A diagnostic workup in an individual with GM1 gangliosidosis, Morquio B, or galactosialidosis typically demonstrates decreased beta-galactosidase enzyme activity in leukocytes or fibroblasts; however, additional testing and consideration of the patient's clinical findings are necessary to differentiate between these conditions. Follow-up testing may include LYSDU / Lysosomal Storage Disorders Screen, Random, Urine, which analyzes mucopolysaccharides, oligosaccharides, ceramide trihexosides, and sulfatides to  help differentiate between the 3 conditions and guide physicians in choosing the best confirmatory molecular testing option.

Interpretation

Very-low enzyme activity levels are consistent with GM1 gangliosidosis and Morquio B disease. Clinical findings must be used to differentiate between those 2 diseases. The deficiency of beta-galactosidase combined with neuraminidase deficiency is characteristic of galactosialidosis.

Testing Algorithm

See Lysosomal Storage Disorders Diagnostic Algorithm, Part 1 in Special Instructions.

Analytic Time

8 days

Day(s) and Time(s) Performed

Specimens are processed Monday through Sunday.

Assay is performed: Varies

Clinical Reference

1. Suzuki Y, Nanba E, Matsuda J, et al: Beta-Galactosidase Deficiency (Beta-Galactosidosis): GM1 Gangliosidosis and Morquio B Disease. In The Online Metabolic and Molecular Bases of Inherited Disease. Edited by D Valle, AL Beaudet, B Vogelstein, et al. New York, McGraw-Hill, Accessed March 11, 2019, Available athttps://ommbid.mhmedical.com/content.aspx?sectionid=225547263&bookid=2709&Resultclick=2

2. d'Azzo A, Andria G, Bonten E, Annunziata I: Galactosialidosis. In The Online Metabolic and Molecular Bases of Inherited Disease. Edited by D Valle, AL Beaudet, B Vogelstein, et al.  New York, McGraw-Hill, 2014, Accessed March 11, 2019, Available athttps://ommbid.mhmedical.com/content.aspx?sectionid=225547663&bookid=2709&Resultclick=2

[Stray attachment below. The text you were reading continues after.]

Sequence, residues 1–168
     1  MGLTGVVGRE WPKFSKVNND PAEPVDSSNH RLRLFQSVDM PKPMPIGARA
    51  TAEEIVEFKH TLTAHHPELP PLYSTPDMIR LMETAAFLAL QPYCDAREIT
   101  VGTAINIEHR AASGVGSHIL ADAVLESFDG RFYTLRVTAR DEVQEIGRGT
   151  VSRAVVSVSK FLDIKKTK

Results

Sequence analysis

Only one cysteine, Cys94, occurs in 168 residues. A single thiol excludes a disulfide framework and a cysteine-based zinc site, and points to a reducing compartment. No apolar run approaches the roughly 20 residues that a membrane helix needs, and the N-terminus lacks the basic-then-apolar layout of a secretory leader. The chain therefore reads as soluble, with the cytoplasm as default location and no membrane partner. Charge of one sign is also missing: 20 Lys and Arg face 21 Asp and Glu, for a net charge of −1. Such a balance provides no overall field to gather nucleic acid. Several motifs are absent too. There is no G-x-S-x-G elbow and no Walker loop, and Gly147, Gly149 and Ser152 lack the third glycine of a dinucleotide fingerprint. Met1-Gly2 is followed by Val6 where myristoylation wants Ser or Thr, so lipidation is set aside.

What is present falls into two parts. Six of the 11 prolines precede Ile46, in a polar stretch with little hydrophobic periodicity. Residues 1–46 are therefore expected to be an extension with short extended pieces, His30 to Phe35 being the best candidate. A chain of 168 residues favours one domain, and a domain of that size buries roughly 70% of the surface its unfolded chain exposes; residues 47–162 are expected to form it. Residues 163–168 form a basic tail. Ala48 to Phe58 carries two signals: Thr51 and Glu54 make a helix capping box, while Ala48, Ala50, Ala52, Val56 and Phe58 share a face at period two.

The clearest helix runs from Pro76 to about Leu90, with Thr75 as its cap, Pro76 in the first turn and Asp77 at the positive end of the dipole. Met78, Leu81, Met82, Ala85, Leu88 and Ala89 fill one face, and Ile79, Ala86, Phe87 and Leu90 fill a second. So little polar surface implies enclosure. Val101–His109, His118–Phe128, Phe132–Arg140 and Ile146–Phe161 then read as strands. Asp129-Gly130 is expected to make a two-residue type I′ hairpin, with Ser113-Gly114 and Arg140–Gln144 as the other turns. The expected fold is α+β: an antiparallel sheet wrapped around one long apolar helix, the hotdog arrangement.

3. Brunetti-Pierri N, Scaglia F: GM1 gangliosidosis: review of clinical, molecular, and therapeutic aspects. Mol Genet Metab 2008 Aug;94(4):391-396

4. Caciotti A, Garman SC, Rivera-Colon Y, et al: GM1 gangliosidosis and Morquio B disease: an update on genetic alterations and clinical findings. Biochim Biophys Acta 2011 Jul;1812(7):782-790

Method Name

Fluorometric

Specimen Type

Whole Blood ACD


Shipping Instructions


For optimal isolation of leukocytes, it is recommended the specimen arrive refrigerated within 72 hours of collection to be stabilized. Collect specimen Monday through Thursday only and not the day before a holiday. Specimen should be collected and packaged as close to shipping time as possible.



Necessary Information


Provide a reason for referral with each specimen.



Specimen Required


Container/Tube:

Preferred: Yellow top (ACD solution B)

Acceptable: Yellow top (ACD solution A)

Specimen Volume: 6 mL

Collection Instructions: Send in original tube. Do not transfer blood to other containers.


Specimen Minimum Volume

5 mL

Specimen Stability Information

Specimen Type Temperature Time Special Container
Whole Blood ACD Refrigerated (preferred) 72 hours YELLOW TOP/ACD
  Ambient  72 hours YELLOW TOP/ACD

Reference Values

≥1.56 nmol/min/mg

Test Classification

This test was developed and its performance characteristics determined by Mayo Clinic in a manner consistent with CLIA requirements. This test has not been cleared or approved by the U.S. Food and Drug Administration.

CPT Code Information

82657

LOINC Code Information

Test ID Test Order Name Order LOINC Value
BGA Beta-Galactosidase, Leukocytes 24061-4

 

Result ID Test Result Name Result LOINC Value
8486 Beta-Galactosidase, Leukocytes 24061-4
34979 Interpretation (BGA) 59462-2
34907 Reviewed By 18771-6

Forms

1. New York Clients-Informed consent is required. Document on the request form or electronic order that a copy is on file. The following documents are available in Special Instructions:

-Informed Consent for Genetic Testing (T576)

-Informed Consent for Genetic Testing-Spanish (T826)

2. Biochemical Genetics Patient Information (T602) in Special Instructions.

3. If not ordering electronically, complete, print, and send an Inborn Errors of Metabolism Test Request (T798) with the specimen.

Mayo Clinic Laboratories | Neurology Catalog Additional Information:

mml-Pediatric, mml-Neurometabolic